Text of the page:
CBSC rules news reports accurate and fair

The Canadian Broadcast Standards Council has released its decision on
two news reports aired on CTV British Columbia in May, 2009, one about
seal fur and the other about an oil spill. “The CBSC concluded that neither report contained any inaccurate, unfair
or biased information,” Broadcaster Magazine reports.

Broadcaster Magazine reports on the first newscast:

“The “Seal Fur Uniforms” report informed viewers that a motion had passed in the House of Commons to have seal fur included in Olympic uniforms as a reaction to the European Union’s decision to impose a ban on the importation of Canadian seal products.  A viewer complained that the report was inaccurate because the motion had actually referred to Olympic clothing, not athletes’ uniforms and it was only about studying the possibility of doing so.  He suggested that the wording of the report was politicized because manufacturing anything with seal fur is a controversial issue.”

The CRTC concluded:

“that the complainant has engaged in hair-splitting.  In the view of the Panel, what matters far more to audiences is the forest rather than the trees.  On that larger level, the Panel does not find the report inaccurate, misleading or even deceptive in any material sense.  […]  It begins with the notion that the motion is a motion, not a statute, in other words, the enunciation of a principle or a direction rather than the legislative fruits of a declaration of policy.  There is a chasm of difference between the two. […] The Panel acknowledges that the term “seal fur” was not a part of the motion.  It is undeniable that what was stated in the French version was “produits dérivés du loup-marin” and in the English “seal products”.  That said, the Panel is utterly unable to fathom what products derived from seals (to use the full original expression) could logically or reasonably be understood as possibly incorporated in clothing (or uniforms) other than the skin or fur.  Surely, the complainant was not trying to suggest that it could have been any of the other products of the harvesting of seals, namely, seal meat, seal blubber, seal oil (derived from the blubber), the pharmaceutical product omega-3 fatty acids, or seal organs.  It is so patently evident that what was intended in the motion was seal skin or fur that there is no need to take this argument any further”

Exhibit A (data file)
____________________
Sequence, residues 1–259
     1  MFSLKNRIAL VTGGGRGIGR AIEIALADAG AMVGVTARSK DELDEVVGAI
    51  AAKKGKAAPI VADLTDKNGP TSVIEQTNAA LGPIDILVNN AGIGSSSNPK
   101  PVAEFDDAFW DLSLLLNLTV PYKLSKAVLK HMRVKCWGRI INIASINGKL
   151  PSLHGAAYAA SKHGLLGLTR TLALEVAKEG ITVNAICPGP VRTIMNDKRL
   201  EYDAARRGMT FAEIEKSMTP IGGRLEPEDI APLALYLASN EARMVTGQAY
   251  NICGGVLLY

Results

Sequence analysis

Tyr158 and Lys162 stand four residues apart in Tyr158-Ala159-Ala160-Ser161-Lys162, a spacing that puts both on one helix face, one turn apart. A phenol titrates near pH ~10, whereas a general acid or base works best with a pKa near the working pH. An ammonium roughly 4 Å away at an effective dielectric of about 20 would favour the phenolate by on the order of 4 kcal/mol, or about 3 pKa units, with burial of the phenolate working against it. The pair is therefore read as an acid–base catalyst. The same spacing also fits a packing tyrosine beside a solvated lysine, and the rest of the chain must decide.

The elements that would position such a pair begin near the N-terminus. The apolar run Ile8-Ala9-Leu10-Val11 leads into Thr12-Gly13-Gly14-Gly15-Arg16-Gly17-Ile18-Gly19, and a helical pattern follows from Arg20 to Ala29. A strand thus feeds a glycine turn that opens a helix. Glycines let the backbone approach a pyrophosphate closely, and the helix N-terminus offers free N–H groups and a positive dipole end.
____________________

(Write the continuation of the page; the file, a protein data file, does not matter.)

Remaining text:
Broadcaster reports on the second news cast:

“The “Oil Spill” report stated that an oil holding tank owned by energy company Kinder Morgan had experienced a spill that day and that this was the second spill involving the company in less than two years.  The report also included a comment from a local resident who argued that the tank should not be located so close to a residential area.  The same viewer complained that this report also contained inaccurate and biased information.  He alleged that the report had stated that Kinder Morgan had caused the first oil spill when, he explained, there were other companies and factors involved.  He also thought the inclusion of the resident’s comment was biased because the oil tank had actually occupied that location prior to the construction of the residential homes.”

Broadcaster quotes the CRTC ruling:

“With respect to the “Oil Spill” report, the Panel noted that the anchor had not used the word “caused”, but rather identified the second spill as “involving” Kinder Morgan, which was accurate.  As the Panel stated, there was not “the least attribution of fault in either the intro or the extro.  In the intro, there was a dispassionate factual observation that there had been a major oil spill involving energy giant Kinder Morgan.  The piece was not in the least focussed on any issue of fault.”  The Panel also had no problem with the inclusion of the resident’s viewpoint because it was simply a “cursory interview reflecting local residents’ concerns” regardless of the fact that the oil tank had existed first.”